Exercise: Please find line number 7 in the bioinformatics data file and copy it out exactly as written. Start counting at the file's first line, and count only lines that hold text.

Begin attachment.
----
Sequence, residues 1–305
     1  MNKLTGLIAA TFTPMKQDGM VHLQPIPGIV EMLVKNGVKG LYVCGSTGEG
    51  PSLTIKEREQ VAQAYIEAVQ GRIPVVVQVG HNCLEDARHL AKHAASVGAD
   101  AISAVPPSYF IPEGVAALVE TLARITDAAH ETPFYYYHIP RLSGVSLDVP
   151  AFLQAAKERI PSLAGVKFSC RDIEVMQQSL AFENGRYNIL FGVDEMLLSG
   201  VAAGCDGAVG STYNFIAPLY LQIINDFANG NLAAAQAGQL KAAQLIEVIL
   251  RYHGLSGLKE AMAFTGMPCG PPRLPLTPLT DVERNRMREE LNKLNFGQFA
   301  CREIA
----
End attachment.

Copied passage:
   251  RYHGLSGLKE AMAFTGMPCG PPRLPLTPLT DVERNRMREE LNKLNFGQFA